At the outset, you should know about these three benefits of public aircraft operations status:
The pilot of a public aircraft does NOT need to be an FAA licensed pilot.
This comes as one of the biggest surprises to public agencies. Title 14 of the Code of Federal Regulations, Section 61.3says, “(a) Required pilot certificate for operating a civil aircraft of the United States. No person may serve as a required pilot flight crewmember of a civil aircraft of the United States[.]” Notice that is said “civil aircraft”, not “aircraft” which would mean all aircraft. Instead, public agencies self-certify their pilots which means that training can be specifically tailored to meet the needs of the public agency as opposed to picking one of the less applicable manned pilot certificates.
The aircraft flown does not need to have an FAA airworthiness certificate.
Title 14 of the Code of Federal Regulations, Section 91.203(a), “no person may operate a civil aircraft unless it has within it the following: (1) An appropriate and current airworthiness certificate[.]” Additionally, 91.401 says, “(a) This subpart prescribes rules governing the maintenance, preventive maintenance, and alterations of U.S.-registered civil aircraft operating within or outside of the United States.” Notice that they both said “civil aircraft.” This means that public aircraft operations self-certify their own aircraft and maintenance.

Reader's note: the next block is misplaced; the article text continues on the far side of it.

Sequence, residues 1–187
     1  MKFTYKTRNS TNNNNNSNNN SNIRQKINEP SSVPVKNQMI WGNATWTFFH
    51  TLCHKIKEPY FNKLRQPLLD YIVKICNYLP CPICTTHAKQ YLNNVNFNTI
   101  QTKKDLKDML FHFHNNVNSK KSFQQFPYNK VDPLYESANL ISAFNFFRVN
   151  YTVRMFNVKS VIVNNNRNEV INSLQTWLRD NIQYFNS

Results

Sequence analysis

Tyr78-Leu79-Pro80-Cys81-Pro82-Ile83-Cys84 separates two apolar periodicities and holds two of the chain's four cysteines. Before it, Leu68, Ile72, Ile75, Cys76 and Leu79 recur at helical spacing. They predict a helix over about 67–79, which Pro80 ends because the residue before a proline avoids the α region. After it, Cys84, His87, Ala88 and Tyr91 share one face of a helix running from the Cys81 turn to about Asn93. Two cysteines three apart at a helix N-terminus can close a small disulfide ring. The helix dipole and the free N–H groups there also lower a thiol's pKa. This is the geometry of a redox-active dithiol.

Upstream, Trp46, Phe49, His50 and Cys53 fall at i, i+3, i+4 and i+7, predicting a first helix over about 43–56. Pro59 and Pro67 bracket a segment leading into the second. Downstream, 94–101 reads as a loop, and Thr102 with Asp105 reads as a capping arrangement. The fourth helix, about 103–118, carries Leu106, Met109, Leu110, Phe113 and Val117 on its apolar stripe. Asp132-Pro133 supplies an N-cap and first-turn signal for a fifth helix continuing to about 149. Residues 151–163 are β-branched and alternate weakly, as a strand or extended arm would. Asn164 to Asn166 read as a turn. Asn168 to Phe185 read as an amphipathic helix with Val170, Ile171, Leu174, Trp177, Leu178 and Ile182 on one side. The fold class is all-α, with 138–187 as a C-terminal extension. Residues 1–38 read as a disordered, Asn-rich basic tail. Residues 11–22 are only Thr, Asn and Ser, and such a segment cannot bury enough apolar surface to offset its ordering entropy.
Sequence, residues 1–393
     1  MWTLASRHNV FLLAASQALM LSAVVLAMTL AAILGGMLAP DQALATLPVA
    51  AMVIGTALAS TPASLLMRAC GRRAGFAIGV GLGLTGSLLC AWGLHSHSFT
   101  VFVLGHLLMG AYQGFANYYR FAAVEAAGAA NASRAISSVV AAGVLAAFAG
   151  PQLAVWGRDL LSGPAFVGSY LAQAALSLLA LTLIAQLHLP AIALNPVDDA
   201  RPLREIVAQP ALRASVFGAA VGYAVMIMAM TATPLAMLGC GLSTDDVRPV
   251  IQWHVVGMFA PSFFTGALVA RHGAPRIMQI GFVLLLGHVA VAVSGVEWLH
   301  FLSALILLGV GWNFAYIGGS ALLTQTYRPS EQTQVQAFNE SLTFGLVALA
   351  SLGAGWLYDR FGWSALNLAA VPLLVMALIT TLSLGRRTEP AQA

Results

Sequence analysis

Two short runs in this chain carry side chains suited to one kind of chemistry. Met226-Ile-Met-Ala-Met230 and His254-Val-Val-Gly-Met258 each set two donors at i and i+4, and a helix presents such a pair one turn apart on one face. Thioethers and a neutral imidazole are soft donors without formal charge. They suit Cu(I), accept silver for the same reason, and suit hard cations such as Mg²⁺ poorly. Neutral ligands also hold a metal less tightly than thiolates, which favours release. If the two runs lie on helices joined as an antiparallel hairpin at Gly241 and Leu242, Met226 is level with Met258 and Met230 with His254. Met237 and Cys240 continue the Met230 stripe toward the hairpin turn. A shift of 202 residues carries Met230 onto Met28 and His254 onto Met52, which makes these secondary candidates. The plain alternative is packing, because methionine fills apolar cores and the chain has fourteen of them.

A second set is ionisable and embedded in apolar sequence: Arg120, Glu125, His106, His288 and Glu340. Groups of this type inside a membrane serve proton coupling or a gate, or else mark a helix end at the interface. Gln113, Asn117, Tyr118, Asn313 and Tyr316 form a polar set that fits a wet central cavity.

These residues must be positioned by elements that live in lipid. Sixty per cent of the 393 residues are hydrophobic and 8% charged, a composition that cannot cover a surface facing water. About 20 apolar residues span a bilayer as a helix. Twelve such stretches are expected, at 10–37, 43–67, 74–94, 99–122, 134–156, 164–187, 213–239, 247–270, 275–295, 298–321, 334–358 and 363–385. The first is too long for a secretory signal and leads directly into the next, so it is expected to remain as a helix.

Are you starting to see a pattern here?
It’s important to note you cannot slack on operations or maintenance standards. If there is an accident, depending on your entity and the jurisdiction, there is potential for liability. Civilian aircraft are flying according to the safety standard created by the FAA. If you self-certify your pilots, aircraft, and maintenance, then the burden will be more on YOU to prove that you, operating under your own standards, were safe, as opposed to saying you flew under the FAA’s standards which they said were safe. It might be helpful to get someone who is extremely familiar with drones to help set up maintenance standards. (I would suggest Gus Calderon, a commercial pilot who ran his own Part 135 aircraft charter company and has extensive expensive in multi-rotors.)